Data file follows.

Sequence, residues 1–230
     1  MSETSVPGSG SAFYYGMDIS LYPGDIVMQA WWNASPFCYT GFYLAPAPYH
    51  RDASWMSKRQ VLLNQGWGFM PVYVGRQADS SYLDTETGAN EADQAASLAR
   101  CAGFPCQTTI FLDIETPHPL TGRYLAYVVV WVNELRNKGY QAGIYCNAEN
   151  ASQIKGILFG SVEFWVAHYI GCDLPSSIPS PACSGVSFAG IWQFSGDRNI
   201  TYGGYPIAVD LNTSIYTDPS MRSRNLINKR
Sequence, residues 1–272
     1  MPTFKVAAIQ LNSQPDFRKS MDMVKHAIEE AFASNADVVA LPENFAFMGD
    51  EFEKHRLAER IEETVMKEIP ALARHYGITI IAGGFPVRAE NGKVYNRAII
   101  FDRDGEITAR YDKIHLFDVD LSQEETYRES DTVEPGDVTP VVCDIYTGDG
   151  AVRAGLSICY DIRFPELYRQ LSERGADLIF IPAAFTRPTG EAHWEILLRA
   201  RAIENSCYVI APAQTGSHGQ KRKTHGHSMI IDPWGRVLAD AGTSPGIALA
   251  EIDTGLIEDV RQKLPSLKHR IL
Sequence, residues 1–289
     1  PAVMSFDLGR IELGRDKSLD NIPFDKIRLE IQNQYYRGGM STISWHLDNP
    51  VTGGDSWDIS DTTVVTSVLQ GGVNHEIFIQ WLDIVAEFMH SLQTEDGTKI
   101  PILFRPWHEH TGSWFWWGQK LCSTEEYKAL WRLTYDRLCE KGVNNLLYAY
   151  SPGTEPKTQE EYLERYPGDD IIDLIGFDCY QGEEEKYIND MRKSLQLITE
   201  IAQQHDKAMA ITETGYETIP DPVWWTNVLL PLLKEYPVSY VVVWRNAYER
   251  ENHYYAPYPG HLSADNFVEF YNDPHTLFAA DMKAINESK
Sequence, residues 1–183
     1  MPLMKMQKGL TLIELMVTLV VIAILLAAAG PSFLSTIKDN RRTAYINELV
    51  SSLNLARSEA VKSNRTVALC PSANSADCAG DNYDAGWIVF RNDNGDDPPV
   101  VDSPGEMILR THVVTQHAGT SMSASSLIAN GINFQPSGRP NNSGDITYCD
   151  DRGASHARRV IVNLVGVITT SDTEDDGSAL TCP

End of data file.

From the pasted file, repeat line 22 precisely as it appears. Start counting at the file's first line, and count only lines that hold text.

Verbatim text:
     1  MPLMKMQKGL TLIELMVTLV VIAILLAAAG PSFLSTIKDN RRTAYINELV